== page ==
Friday, 29 August 2014

When Angelina Jolie (finally) married Brad Pitt

The Occident always amazes and amuses me. When I read the news of the celebrity couple getting married, the first question that arose in my mind was - "Why did they have to wait for so long and come on they already have six children to boot?" In fact, I was speaking out aloud in my mind the existing cultural differences between the Occident and the Orient. In terms of love, marriage and legalities, the Western world always confounds me. Take for example my friend Christine. She has been seeing her boyfriend Bill for over ten years and naturally I had assumed that the question of getting married is an obvious. But no. When I asked Christine about their wedding, she injected aloud before exclaiming, "Well, he hasn't even asked me yet!" Now it was my turn to let out an interjection. Whaat on earth? Well, in India (atleast the one I know), if someone was going around for quite some time, it was a given that they would be married. After all those years of courtship, the question of a formal asking is out of the question. The only question is, "When can we possibly marry?" But Christine's answer stressed that inspite of love and marriage being the common denominator the way it happens is quite different in both these cultures. I therefore assume that people can be together for quite some time and choose not to get married or they would prefer to wait until the time is right (which is after getting a brood of six!) But then, this is not the case with every Western couple. Christians mostly are in a committed relationship and marry once the guy in question has asked the girl. Now, whether the asking is just a formality or something that is done to confirm the relationship is unknown to me.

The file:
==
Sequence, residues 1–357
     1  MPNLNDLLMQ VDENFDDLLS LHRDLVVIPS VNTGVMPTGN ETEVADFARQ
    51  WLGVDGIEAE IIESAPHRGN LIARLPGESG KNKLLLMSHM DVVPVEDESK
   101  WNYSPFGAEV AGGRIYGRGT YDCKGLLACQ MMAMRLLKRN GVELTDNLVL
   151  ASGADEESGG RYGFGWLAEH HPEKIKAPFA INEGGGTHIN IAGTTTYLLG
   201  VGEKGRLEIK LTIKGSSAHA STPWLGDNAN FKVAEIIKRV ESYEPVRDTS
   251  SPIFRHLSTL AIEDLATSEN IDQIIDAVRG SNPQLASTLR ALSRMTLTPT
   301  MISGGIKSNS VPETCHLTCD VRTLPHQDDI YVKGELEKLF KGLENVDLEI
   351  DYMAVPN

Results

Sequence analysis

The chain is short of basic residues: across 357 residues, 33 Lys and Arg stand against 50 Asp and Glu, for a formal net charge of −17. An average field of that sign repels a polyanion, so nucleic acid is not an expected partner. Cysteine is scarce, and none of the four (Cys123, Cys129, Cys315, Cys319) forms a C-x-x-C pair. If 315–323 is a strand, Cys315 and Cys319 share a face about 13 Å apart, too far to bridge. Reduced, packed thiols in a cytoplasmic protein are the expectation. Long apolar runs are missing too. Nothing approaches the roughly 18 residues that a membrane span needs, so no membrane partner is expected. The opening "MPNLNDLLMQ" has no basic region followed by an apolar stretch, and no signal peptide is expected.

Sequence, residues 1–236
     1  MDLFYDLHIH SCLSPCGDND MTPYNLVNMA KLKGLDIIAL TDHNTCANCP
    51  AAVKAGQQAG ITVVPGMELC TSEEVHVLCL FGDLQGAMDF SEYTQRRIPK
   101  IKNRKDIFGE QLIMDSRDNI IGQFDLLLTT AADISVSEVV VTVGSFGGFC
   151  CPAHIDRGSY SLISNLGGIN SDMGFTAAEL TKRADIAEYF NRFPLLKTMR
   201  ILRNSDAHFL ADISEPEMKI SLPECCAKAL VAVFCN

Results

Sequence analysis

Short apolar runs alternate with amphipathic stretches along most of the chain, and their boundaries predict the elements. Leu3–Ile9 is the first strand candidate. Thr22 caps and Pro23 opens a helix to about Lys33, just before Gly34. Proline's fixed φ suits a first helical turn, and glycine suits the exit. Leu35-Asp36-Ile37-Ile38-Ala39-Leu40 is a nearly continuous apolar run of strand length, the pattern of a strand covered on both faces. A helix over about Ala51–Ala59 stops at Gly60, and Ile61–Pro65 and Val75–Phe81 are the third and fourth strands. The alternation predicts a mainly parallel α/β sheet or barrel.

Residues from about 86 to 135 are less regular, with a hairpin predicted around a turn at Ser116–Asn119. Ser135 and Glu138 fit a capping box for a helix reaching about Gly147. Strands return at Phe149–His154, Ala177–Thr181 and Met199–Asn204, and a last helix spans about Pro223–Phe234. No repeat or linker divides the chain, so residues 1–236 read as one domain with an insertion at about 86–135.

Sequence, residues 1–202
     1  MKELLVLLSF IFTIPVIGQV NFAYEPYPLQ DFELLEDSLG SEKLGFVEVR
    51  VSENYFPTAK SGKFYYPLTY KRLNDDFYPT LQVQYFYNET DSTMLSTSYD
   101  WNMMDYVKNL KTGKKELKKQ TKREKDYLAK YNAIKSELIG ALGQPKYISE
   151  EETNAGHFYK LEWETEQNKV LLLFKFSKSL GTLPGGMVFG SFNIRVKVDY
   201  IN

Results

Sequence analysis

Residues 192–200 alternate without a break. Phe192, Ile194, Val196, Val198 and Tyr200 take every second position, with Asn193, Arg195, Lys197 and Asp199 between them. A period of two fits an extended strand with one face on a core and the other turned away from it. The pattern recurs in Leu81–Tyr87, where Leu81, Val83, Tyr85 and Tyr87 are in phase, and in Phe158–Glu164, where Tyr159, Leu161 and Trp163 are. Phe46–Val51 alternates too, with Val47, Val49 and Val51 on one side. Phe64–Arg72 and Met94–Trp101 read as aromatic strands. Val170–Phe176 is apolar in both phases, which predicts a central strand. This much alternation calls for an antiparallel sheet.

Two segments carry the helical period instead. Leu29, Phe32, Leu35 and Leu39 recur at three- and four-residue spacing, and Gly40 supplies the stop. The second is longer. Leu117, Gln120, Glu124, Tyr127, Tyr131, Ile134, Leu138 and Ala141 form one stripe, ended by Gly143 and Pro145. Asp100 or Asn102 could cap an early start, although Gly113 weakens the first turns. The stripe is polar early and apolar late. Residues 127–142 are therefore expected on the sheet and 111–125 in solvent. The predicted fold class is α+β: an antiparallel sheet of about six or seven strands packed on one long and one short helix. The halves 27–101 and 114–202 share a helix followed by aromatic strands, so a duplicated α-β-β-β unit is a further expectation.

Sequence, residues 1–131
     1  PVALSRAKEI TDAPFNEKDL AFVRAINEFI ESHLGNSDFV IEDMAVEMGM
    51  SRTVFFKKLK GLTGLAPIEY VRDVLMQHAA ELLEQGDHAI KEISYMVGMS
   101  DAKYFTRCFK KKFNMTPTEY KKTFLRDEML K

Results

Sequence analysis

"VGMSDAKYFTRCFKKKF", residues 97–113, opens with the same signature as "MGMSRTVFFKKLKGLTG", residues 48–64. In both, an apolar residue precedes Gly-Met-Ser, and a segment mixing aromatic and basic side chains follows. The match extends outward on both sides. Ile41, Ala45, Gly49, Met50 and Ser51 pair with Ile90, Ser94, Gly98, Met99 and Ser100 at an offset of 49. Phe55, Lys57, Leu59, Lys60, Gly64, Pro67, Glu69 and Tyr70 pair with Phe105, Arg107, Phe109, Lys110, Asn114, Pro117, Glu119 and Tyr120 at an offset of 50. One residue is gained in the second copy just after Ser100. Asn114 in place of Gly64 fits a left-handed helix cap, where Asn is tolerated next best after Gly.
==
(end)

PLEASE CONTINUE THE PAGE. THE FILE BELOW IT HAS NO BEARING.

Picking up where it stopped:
When I was discussing this with R, he opined that in the Western world, the legalities come first than issues of trust and comfort. If not, why did Pitt and Jolie take so long to formalise their bond. Didn't they trust each other or did they second guess that something might go wrong and hence it is not wise to enter a formal and legal bond? Now, after being together with a person for an extended period of time and sharing almost everything - emotions, days and nights, children, bed, bodies and so on, how can one just go on thinking that if something goes wrong, one can leave. Is it trust versus legalities or something else?